200 schools have CCTV in toilets/changing rooms

More than 200 schools have CCTV in toilets and changing rooms

More than 200 schools have fitted CCTV in bathrooms and changing rooms, according to the biggest survey so far into the scale of surveillance of pupils.

In total there are thought to be at least 100,000 cameras installed in classrooms and corridors across Britain, with 90 per cent of secondaries and academies using them.

Some institutions have a CCTV camera for every five pupils, while one school in the northwest has put 20 in its lavatories and sports changing rooms.

Big Brother Watch, the privacy campaign group that obtained the figures through Freedom of Information requests, said parents should be worried about the level of surveillance being directed at their children and the authorities’ lack of accountability.

It said head teachers should disclose why footage is being recorded and who is allowed to view it.

In addition, schools will not be covered by the Home Office’s plans to set up a code of practice for the filming of citizens in public and a new surveillance watchdog will not be able to inspect them.

Nick Pickles, the director of Big Brother Watch, said: “This research raises serious questions about the privacy of schoolchildren across Britain, with some schools having one camera for every five pupils and hundreds of schools using cameras in toilets and changing rooms.

“The full extent of school surveillance is far higher than we had expected and will come as a shock to many parents. Schools need to come clean about why they are using these cameras and what is happening to the footage. Local authorities also need to be doing far more to reign in excessive surveillance in their areas and ensuring resources are not being diverted from more effective alternatives.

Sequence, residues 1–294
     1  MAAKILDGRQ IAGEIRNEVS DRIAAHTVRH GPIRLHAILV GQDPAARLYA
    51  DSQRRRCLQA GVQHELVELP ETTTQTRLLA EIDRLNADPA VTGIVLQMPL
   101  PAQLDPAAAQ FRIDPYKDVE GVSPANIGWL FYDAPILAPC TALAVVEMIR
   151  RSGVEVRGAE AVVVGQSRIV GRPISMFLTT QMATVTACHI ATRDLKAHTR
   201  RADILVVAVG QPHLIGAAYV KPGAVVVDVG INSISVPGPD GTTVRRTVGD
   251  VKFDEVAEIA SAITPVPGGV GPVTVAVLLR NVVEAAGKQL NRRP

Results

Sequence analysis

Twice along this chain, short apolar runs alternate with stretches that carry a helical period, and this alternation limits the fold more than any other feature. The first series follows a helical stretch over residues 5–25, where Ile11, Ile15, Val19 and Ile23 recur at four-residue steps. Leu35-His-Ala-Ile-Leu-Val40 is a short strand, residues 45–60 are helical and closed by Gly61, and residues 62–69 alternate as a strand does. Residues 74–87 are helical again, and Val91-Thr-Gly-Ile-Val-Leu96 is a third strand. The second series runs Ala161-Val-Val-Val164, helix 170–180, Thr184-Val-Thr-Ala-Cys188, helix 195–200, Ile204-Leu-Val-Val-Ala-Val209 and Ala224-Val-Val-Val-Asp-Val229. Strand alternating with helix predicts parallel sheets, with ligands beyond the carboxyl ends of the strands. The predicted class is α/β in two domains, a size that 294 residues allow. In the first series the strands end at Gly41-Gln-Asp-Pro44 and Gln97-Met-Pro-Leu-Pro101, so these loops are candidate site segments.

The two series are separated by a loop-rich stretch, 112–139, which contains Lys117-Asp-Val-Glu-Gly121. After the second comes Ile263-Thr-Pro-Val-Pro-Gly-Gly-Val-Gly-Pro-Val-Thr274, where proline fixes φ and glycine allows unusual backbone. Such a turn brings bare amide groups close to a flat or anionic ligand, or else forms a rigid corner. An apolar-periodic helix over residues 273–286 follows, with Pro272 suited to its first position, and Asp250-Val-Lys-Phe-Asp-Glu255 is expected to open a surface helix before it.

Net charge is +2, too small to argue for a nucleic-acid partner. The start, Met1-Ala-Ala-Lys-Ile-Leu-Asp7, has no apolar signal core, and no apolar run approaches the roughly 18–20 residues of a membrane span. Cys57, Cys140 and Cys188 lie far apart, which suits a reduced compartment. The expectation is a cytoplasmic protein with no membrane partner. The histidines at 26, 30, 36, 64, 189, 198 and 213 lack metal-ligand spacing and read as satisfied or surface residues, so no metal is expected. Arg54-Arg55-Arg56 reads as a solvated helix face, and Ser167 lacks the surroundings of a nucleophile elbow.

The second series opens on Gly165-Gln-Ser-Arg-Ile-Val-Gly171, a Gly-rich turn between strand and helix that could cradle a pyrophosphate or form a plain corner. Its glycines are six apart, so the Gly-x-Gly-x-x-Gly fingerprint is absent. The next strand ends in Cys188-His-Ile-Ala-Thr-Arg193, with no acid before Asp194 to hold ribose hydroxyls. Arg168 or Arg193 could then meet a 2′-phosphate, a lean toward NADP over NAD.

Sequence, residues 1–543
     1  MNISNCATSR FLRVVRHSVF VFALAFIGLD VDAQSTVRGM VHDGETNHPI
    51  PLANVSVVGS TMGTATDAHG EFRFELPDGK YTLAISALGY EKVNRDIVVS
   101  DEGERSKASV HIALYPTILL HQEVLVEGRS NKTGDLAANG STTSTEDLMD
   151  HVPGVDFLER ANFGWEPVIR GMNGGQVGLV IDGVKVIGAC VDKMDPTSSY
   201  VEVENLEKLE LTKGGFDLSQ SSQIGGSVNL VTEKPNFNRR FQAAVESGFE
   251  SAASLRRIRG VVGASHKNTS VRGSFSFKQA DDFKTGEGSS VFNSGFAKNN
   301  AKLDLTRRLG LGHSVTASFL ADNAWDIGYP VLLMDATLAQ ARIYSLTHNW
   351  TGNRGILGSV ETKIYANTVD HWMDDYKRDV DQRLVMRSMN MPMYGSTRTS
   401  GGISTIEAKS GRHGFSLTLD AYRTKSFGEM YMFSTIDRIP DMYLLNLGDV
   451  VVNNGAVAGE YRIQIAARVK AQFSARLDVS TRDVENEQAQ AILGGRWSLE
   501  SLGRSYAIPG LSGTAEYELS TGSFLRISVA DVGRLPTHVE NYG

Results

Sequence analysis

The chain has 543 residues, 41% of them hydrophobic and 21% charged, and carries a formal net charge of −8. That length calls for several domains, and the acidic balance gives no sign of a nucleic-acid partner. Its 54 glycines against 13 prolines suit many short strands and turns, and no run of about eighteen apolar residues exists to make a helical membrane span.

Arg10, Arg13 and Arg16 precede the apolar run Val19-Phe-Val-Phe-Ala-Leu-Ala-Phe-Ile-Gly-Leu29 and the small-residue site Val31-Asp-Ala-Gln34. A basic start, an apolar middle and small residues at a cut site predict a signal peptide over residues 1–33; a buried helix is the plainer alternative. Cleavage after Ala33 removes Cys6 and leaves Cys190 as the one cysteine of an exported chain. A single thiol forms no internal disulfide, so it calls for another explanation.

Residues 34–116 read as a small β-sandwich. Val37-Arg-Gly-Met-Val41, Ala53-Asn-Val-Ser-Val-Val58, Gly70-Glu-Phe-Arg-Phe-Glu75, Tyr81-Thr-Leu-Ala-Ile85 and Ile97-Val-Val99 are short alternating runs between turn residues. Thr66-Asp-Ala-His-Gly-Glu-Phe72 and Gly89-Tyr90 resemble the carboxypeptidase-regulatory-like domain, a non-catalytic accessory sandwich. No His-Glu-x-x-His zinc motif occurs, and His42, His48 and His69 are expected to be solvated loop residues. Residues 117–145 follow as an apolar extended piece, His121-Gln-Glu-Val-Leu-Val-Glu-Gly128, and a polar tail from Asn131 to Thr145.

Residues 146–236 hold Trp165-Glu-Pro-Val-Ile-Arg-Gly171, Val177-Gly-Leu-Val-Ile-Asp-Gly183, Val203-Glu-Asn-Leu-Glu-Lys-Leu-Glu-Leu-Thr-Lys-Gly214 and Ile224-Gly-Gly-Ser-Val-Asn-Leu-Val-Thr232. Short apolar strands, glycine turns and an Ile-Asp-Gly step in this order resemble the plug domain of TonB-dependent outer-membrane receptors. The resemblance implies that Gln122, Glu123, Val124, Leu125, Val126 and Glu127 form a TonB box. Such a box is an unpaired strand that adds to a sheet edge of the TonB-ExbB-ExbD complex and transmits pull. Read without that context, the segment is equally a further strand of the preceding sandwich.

“The Home Office’s proposed regulation of CCTV will not apply to schools and the new Commissioner will have absolutely no powers to do anything. Parents will be right to say that such a woefully weak system is not good enough.”

In total 2,107 secondary schools and academies in England, Scotland and Wales provided data about their use of CCTV.

They have 47,806 cameras trained on pupils, more than half of which are inside their premises rather than looking for vandals or arsonists outside.

It is estimated that the total number of cameras in all schools is 106,710, despite an apparent lack of research about their effect on cutting crime and bad behaviour.

On average there is one camera for every 38 pupils but many schools had more than one for every 15 students. Christ the King school in Knowsley had one camera for every five pupils, the highest ratio found.

Within these figures, 207 schools said they had a total of 825 cameras set up in bathrooms and changing rooms. The Radclyffe School in Oldham alone had 20.

A spokesman for Knowsley Council said: “CCTV cameras in our schools are not continuously monitored and only authorised staff are able to view the footage. When footage is reviewed the reason for this is recorded.

“There are no cameras in changing rooms or toilets and signs are clearly displayed throughout the school to inform pupils, staff and visitors that CCTV is in operation.

“Christ the King is one of seven Centres for Learning built in Knowsley as part of the Building Schools for the Future programme in 2009. It was constructed with a long term forecast of rising pupil numbers and has capacity for the current number of pupils on roll to double in the coming years. Therefore the ratio of cameras to pupils may seem higher than at other schools at the current time.”